Essay Example on Worldwide many organizations have come to recognize the Value

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Worldwide many organizations have come to recognize the value of mentorships and have tried to formalize these relationships as part of the planned career development of junior managers and professionals Noe 1988 Wilson Elman 1990 The basic distinction between formal and informal mentorships lies in the formation of the relationship Formal mentorships are programs that are managed and sanctioned by the organization Chao Walz Gardner 1992 Formal mentoring programs include training for mentors Murray 2006 They tie the mentoring program to business goals with measurable results and conduct periodic evaluations and coordination offering ongoing support for mentoring pairs Day et al 2009 suggest that formal mentoring programmes are recommended for contemporary leadership development because leadership development is more effective in the context of work i e learning by doing than in traditional classroom settings Many Organizations across the globe have attempted to encash on the benefits of mentoring by developing formal mentoring programs in which mentors and mentee are matched and extended support for their relationship 



In fact today all big U S corporations have established formal mentoring programs and are already reaping benefits from same Although well intentioned formal mentoring relationships are often unable to duplicate the strong relationships that develop informally between protégés and mentors when those relationships are based on mutual attraction and respect Studies Ragins Cotton 1999 caution that formal mentoring programs do not appear to benefit women as much as men Formal mentoring programmes provide a structure that can enable individuals who might otherwise find it difficult to access influence networks to overcome implicit or explicit barriers to commencing mentoring relationships The degree of formality present in the mentoring relationship influences the dynamics and consequences of the relationship Ragins Cotton 1999 In contrast Informal mentorships are not managed structured nor formally recognized by the organization Conventionally they are spontaneous relationships that occur without exterior involvement from the organization Informal mentoring relationships develop naturally and are maintained on a voluntary basis Ragins Cotton 1999 Perceived competence and interpersonal comfort are the basis of formation of Informal mentoring relationships Eby et al 2007 Mentors tend to select high potential protégés who are considered to be rising stars or even diamonds in the rough Kram 1985 With informal mentoring relationships both the mentor and the protégé carefully observe each before committing to the mentoring relationship


Here the protégé s look for mentors who possess power have self confidence and are willing to share and protect On the other side potential mentors generally seek out protégés who have already established a good performance record possess a desirable social background and have demonstrated commitment and loyalty Hunt Michael 1983 Informal mentors are more likely than formal mentors to engage in psychosocial activities like counselling providing friendship facilitating social interactions role modelling etc Perhaps as a result of this several studies comparing these two styles of mentoring have concluded that protégés with informal mentors are more satisfied with their mentors than the protégés with formal mentors Ragins Cotton 1999 This is further supported by study highlighting that personnel with informal mentors were a source for commitment compared to personnel with no mentors Colarelli and Bishop 1990 Researches done in the field of mentoring suggest that proactive behaviours are useful in the formation of informal mentoring relationships since such behaviours lead to exchanges and interactions with others in one's environment Aryee Lo Kang 1999 Turban Dougherty 1994 Ragins and Cotton 1999 also identify other possible reasons for the greater advantages of informal mentoring For instance formal mentoring relationships typically last less than one year which might be too short a time period for the positive aspects of mentoring to take hold In contrast informal relationships may last for a longer period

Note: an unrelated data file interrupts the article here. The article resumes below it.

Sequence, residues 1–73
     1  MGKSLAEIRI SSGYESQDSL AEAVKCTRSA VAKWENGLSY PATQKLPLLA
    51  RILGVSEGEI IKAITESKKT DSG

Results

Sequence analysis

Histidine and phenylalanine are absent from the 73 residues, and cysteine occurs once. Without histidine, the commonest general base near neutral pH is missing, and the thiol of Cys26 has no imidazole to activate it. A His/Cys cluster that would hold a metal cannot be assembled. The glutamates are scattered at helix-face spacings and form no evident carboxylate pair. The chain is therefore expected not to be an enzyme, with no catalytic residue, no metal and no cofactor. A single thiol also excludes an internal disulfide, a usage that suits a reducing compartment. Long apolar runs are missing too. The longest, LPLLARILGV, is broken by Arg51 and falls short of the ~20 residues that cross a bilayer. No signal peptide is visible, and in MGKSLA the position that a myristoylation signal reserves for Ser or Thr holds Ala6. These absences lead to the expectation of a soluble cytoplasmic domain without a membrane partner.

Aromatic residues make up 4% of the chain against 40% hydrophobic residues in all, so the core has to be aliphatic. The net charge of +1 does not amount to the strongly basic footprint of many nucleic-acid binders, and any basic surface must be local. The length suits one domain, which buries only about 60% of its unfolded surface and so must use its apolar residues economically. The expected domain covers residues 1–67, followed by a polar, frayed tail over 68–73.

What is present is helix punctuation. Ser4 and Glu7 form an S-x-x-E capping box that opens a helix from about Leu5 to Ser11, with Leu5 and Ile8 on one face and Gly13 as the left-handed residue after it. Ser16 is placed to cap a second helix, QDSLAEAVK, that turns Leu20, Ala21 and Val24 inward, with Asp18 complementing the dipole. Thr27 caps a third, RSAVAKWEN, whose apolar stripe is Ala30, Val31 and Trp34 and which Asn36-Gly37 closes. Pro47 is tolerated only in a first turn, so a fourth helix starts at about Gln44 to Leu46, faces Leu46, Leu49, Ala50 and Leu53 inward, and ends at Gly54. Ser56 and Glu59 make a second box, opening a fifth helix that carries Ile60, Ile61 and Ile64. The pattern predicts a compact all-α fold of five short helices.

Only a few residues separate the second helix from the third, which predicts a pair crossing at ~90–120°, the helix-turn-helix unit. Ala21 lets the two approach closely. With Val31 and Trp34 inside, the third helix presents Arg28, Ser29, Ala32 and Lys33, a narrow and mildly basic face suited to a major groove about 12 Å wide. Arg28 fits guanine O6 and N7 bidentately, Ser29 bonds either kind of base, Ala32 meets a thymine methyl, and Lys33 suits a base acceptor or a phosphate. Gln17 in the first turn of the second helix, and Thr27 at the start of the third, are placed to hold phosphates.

Moreover in formal mentoring relationship mentor may choose to participate in the program out of sheer dedication for the organization rather than a personal connection to the protégé Consequently mentors may be less committed to their protégés and the mentor and mentees may never get to develop a bond and a fully trusting relationship Also formal programs tend to focus on short term career goals instead of the long term focus of an informal relationship The reason why informal mentoring relationships have been found to be more beneficial may also be attributed to the fact that many a times mentors assigned to employees by formal programs may not interact with the assigned mentees in the same manner as informal mentors Also if they have not supervised the individual they may not possess feedback information that can shed light on the mentee's role and guide him her in the role negotiation process Jackson Schuler 1985 According to Delong Gabarro Lees 2008 the notion that a standardized mentoring system will solve one's problems is an illusion Rewarding a mentor for engaging in prescribed interactions with subordinates simply doesn t work Mentoring process whether formal or informal should be one which can create an effective relationship between the employees and the organization in such a way that both the parties benefit equitably Chebolu 2005


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